Cloud must be one of the most overused words within computing and society. Today, people expect to read their e-mail using online mail services (ie. Gmail, Hotmail and Yahoo), share their files and documents using Google Drive or Dropbox, chat and share ideas whilst using Twitter, Facebook and Minds, create documents (using Google Docs, Microsoft Office 365 or Zoho Docs) and communicate with others via face-to-face video calls, using services like Skype and Google Hangouts.
Most users consider cloud computing as being a collection of online services that can be accessed using a web browser or other client application. However, cloud computing is a misunderstood and overly misused term.
In essence, cloud computing is a concept that is made up of a variety of layered elements or tiers. Whilst there is a number of tiers, there are three fundamental tiers that are differentiated by the level of abstraction that is presented to the user, developer and administrator. Each of these tiers (often referred using the suffix “as-a-service”) provides separate elements to the overall architecture of cloud based services.
IaaS is the lowest tier, which provides both the physical hardware (host computers and storage devices), network infrastructure (wiring, gateway devices and firewalls), environmental controls (temperature for the devices and surrounding area, power capacity and location) and any virtualisation / hypervisor (ie. a virtualised computer environment) that is running within a host computer.
The PaaS tier is the middle layer in the three tier system. This tier arguably contains some of the most crucial elements of the cloud and provides the operating system, application framework, database management system and other process management services (such as e-mail retrieval and delivery mechanisms, domain name provisions and web service environment). PaaS allows for deployment of services without the need to manage or deploy the underlying hardware (which is governed by the IaaS tier).
The SaaS tier can be generally considered as the interface which the end-users is faced with when accessing any cloud based service. This element allows users to interact with an interface via a web browser or other client based application (such as Microsoft Skype’s phone software). It is also worth noting that other client based applications such as IMAP / POP3 mail applications (ie. Microsoft Outlook and Mozilla Thunderbird), instant messaging software (Pidgin, ICQ client, BlackBerry Messenger or Adium) and integral frameworks that can be incorporated into existing operating systems (such as the usage of the Webdav storage framework within various platforms) could all be considered (within this context) as partial SaaS solutions (various mobile “apps” such as minds.com own Android / IOS tool or Google’s suite of mobile tools could also be considered as partial SaaS applications).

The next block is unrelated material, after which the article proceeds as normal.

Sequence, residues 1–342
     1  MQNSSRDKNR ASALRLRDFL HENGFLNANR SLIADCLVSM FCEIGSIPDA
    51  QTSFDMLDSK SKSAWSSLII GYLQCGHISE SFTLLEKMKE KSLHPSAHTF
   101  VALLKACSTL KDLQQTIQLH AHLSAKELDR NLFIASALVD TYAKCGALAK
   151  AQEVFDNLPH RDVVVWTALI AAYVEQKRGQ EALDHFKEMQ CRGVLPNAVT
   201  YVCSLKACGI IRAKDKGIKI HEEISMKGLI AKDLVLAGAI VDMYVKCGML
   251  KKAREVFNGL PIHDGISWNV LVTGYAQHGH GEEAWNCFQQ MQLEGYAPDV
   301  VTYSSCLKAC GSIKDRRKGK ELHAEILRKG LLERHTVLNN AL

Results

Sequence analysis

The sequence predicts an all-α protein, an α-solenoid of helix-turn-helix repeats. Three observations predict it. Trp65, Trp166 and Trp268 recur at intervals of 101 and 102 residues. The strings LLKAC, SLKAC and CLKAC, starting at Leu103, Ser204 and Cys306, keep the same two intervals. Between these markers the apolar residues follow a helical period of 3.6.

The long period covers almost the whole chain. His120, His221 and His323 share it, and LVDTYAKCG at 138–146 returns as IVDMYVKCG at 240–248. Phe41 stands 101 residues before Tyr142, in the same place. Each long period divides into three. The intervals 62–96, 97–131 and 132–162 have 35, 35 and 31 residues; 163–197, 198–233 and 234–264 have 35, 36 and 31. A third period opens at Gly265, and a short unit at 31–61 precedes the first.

As demonstrated above, some terms that are used to describe “cloud” technologies could be considered as vague marketing terminology and shorthand descriptions to sale / provide online solutions to consumers. This is partially the reason why I personally don’t like using terms such as “cloud” when describing online solutions but as a general rule-of-thumb, most users should consider the term “cloud” as a description of online browsers based (and thin-client based) solutions (such as online file and document storage, online mail applications and various communication platforms).
The usage of the word “cloud” is a fairly recent term and was first used to represent network computing in 1993, when General Magic (company that started as a project which was backed by Apple Inc.) and AT&T used this term to describe their Telescript and PersonaLink technologies. Back in April 1994, Wired magazine featured an article entitled “Bill and Andy’s Excellent Adventure”, in which Andy Hertzfeld (a member of the original Apple Macintosh design team and a primary software developer for the Macintosh operating system) provided the following comment:
"The beauty of Telescript is that now, instead of just having a device to program, we now have the entire Cloud out there, where a single program can go and travel to many different sources of information and create sort of a virtual service. No one had conceived that before.”
However, I partially disagree with the above statement and consider cloud computing as an evolutionary step in what was already a growing market. Since the early interpretations of multi-user computer workstations, many “online”, distributed services were provided by mainframes and network computing infrastructures. Many users were using these infrastructures to access e-mails and communicate with others, as well as to interact with remote services such as Bulletin Board Systems (BBS) and to access other systems such as Prestel and Viewdata (Videotex) services (precursors to the British ORACLE and Ceefax teletext services that were provided by the BBC and ITV television companies).
Many large organisations and companies were using similar technologies to provide system for human resources departments, accounting departments, time management systems and mail client applications. Many organisations (especially governmental agencies) still provide their staff with similar technologies and frameworks. File storage services such as FTP servers could also be considered as “cloud” services.
Many organisations provided users with thin-client computing devices (commonly known as “dumb terminals”). These devices were (and still are) used as replacements for fully-fledged computer workstation and would have had less hardware then conventional (fat-client) personal computers. Whilst most of these devices may only have limited localised storage capacity and terminal (command line) based interfaces, many devices had graphical interfaces which allowed users to interact with various remote services.
Thin-clients are still used by many organisations, companies and consumers. These devices are often provided by public libraries for access by the general public, banking ATM terminals and consumer products (such as Google Chromebooks, Hewlett Packard Stream and various other netbook devices).